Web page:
Lenten Reflections–Silence

Silence is a difficult practice.  Stillness brings a gathering storm of ideas and ideas and ideas, the constant firing of synaptic lightening.  The truth is, I am not well practiced in the art of peace.

There are messages to decipher in those first quiet moments.

The friend whose wife used to shatter and puddle like a fallen rain drop, she freezes now, blows away, gathers with the rest of the used-up wives in the middle of the snow drift.  Truth is, Amber’s been part of that snow drift but there is grace for that too.  There are always second chances.

It’s almost spring now, I think, and I am thankful for the rain again.  The surprise lilies have come up early, gambling against an April frost.  Not the azaleas, though.  They are more reserved.  They’ve weathered more than a few Arkansas winters and they know that it’s best to be patient.

Occupation comes like a flood, too.  The endless checklist of revolving perpetuity.  We toil under the sun day after day, and to what end?

These thoughts advance like sheets of rain across a Kansas plain.  But dear God, these are not the thoughts of the quieted spirit.

Are they?

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10 Responses to Lenten Reflections–Silence

  1. The poet David Whyte has said the antidote to exhaustion is not necessarily rest but wholeheartedness…I’ve thought about that, thought about it alot. When discussions of silence arise I’m reminded of Whyte’s words…those discussions are usually prompted by a form of mental exhaustion. I wonder if the antidote to such is not necessarily silence, but wholeheartedness. I don’t know, that may be stupid.

    • sethhaines says:

      I don’t think that’s stupid at all. I’ve been reading a good bit lately by Nouwen and he makes the points that one can use many words but have complete inward silence in the heart. I’m not quite sure if this is the same as whole-heartedness, but it seems akin somehow.

      I don’t know… maybe that was a stupid thing for me to say? I’m gonna noodle your ideas a bit Herr Blase.

  2. The truth is, silence, stillness – this is hard for all of us. I have learned a lot about it in the past 15 years, but I am a novice still. Choosing a centering word or phrase can help. Being gentle with yourself when your mind wanders all over, that is also good. Taking 15-20 minutes regularly to sit still and find center – this is good, too. But just taking the time, on purpose, to be by yourself – to walk or sit and look around at where you are and to listen to what you hear, to release the tension in your neck and shoulders (or wherever you carry tension) — that’s the ticket. And that’s pretty much what you’re describing here, seems to me.

    And I love that idea of ‘wholeheartedness.’ And I do think that’s what Nouwen is talking about in that quote. Thanks for this, Seth.

    • Kiki Malone says:

      I’m worried to see my students constantly with earbuds and iPods blaring in their ears, and I’m not surprised when they have difficulty thinking creatively and critically. They have zero time and space to think! And I know if I’m struggling with creative and critical thinking, and I’m fairly intentional about it, then they certainly struggle even more.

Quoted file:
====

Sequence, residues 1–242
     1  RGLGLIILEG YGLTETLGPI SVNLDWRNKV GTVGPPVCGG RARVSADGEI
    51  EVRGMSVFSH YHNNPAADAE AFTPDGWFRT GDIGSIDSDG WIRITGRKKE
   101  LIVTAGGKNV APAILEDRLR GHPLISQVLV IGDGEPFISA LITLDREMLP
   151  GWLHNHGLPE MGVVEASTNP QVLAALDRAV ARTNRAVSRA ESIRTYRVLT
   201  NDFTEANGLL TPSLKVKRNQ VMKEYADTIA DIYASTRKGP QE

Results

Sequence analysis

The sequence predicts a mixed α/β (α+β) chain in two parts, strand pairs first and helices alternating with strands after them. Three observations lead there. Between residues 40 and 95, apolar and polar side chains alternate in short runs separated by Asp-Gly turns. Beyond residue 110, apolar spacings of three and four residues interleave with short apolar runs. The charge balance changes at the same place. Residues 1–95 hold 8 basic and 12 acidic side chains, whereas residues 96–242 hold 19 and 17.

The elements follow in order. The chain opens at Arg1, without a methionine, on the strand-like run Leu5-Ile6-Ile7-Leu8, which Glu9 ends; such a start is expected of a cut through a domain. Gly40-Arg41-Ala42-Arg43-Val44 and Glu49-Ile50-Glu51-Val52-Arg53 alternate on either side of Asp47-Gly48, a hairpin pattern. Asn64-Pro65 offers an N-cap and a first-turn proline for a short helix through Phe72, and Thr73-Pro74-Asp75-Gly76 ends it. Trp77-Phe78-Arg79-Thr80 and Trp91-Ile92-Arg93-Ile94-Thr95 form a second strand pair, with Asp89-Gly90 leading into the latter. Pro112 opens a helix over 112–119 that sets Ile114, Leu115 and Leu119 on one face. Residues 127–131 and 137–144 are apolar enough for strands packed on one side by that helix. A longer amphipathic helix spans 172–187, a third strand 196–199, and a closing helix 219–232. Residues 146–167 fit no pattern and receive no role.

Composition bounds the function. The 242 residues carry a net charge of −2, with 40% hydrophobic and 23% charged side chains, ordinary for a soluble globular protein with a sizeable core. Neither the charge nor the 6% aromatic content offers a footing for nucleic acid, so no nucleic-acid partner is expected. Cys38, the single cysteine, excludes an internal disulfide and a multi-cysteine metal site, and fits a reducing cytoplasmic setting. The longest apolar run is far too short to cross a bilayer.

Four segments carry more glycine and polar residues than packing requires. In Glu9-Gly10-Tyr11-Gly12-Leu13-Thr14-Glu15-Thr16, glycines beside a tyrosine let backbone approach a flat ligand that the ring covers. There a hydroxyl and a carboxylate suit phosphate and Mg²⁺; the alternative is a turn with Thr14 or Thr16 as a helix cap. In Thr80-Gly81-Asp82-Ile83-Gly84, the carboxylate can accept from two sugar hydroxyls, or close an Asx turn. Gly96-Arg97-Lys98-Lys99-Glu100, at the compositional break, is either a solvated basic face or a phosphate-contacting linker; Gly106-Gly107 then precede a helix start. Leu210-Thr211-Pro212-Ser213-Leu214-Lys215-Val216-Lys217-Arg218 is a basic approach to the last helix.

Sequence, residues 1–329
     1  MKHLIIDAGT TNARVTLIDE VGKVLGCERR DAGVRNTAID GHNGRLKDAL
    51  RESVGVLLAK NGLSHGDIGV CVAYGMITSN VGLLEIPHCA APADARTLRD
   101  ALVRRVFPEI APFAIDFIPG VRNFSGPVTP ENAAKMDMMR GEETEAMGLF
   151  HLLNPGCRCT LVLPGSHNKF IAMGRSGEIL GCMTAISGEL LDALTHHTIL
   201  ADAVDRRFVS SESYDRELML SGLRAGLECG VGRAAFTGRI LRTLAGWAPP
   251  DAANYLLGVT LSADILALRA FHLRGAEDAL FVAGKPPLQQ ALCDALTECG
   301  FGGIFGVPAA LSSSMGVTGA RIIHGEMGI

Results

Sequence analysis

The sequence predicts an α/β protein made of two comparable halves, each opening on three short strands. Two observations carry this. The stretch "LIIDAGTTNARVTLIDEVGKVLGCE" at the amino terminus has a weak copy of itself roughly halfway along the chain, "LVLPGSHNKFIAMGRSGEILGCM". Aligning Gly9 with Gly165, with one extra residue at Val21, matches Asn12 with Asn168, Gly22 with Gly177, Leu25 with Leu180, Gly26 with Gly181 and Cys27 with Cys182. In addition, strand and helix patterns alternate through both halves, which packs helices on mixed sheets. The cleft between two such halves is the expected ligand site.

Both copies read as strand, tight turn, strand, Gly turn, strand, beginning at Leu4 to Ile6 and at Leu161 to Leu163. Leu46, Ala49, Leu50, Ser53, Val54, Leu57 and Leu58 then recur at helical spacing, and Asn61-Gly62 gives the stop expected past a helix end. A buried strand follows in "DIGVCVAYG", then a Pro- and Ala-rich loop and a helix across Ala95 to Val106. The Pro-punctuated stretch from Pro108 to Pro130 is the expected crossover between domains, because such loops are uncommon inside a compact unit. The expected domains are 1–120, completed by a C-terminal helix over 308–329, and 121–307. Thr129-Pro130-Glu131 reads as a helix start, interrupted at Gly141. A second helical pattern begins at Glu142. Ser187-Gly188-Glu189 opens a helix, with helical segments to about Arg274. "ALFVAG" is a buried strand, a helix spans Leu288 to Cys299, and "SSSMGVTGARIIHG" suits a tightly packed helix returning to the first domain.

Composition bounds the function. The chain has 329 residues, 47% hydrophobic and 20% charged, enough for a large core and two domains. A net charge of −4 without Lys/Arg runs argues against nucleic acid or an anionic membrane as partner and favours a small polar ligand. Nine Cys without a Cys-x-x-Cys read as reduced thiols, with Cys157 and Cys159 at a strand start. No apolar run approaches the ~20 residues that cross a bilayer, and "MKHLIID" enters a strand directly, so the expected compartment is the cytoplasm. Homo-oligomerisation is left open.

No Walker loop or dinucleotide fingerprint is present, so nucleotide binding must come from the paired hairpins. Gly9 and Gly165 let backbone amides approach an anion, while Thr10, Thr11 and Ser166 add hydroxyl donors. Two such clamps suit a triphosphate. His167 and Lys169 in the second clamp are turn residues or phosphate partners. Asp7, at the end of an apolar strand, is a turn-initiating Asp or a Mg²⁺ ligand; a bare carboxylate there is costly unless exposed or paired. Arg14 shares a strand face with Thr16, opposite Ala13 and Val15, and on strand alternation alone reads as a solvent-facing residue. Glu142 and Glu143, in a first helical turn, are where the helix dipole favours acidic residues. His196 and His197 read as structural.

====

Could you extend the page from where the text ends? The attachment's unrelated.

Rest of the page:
I’m with Diana: it’s tough to do this stuff. It’s tough to let go, to invite and to allow quiet. And practice is the key. I like your challenge to intentionally take a few minutes here and there to find center. I recently began waiting for my wife in the afternoons outside the school, on a bench, nothing to read or listen to or focus on. I used to wait for her inside my office with music and internet flashing all around me, gobbling up that one last brilliant thought of the day. In just a short time, I’ve noticed that I feel much less grumpy when I get home in the afternoons. It’s so simple, what you’re saying, and that’s probably why we so readily ignore the act of silence and meditation. Perhaps we’ve tricked ourselves into thinking silence and meditation are beneath us when they are exactly where we need to be more often. Thanks, Diana.

    • sethhaines says:

      Thanks for these thoughts, D.

  3. Amy says:

    This is one of the biggest transitions a lot of my coworkers experience when they move to China. Most of us live in large cities that are NOISY and have come from places (often in the States) that are not the 24/7 noise assault. It “seems” to be much easier to find quiet in the US — our homes are larger, the space between homes is greater, we can hop in a car and “be in nature” relatively easily. But as you point out, silence isn’t only impacted by surrounding! It’s as much internal as external.

    • sethhaines says:

      Sometimes I think that noise follows us in the modern society. Regardless of whether we live in the city or the boonies, that noise creeps through this webbernet space, the televions, books, etc. But I think you are right. I’m glad that I can roll into nature from time to time and sit in the silence.

      Thanks for stopping in.

  4. Scott says:

    Good thoughts everyone. Beyone silence and time for reflection I believe that we are all peace-deficient. If we surround ourselves with noise it might just be that we are afraid of what we would hear if we stopped. Paul started most of his epistles with “Grace and Peace to you”…or “Grace and Peace be multiplied unto you…” Peace is superior to quiet. Quiet is good, but peace is holistic. Peace is quiet amidst the noise. Peace is the fruit of Grace. It’s a funny thing to strive, a clammoring even, for quiet. Clammoring is loud and unproductive (unless you’re 3). When our hearts are gripped with grace, peace is the inevitible fruit. May our hearts be captivated by the Grace of God in Christ so that we find true quiet and peace not having to strive for anything.

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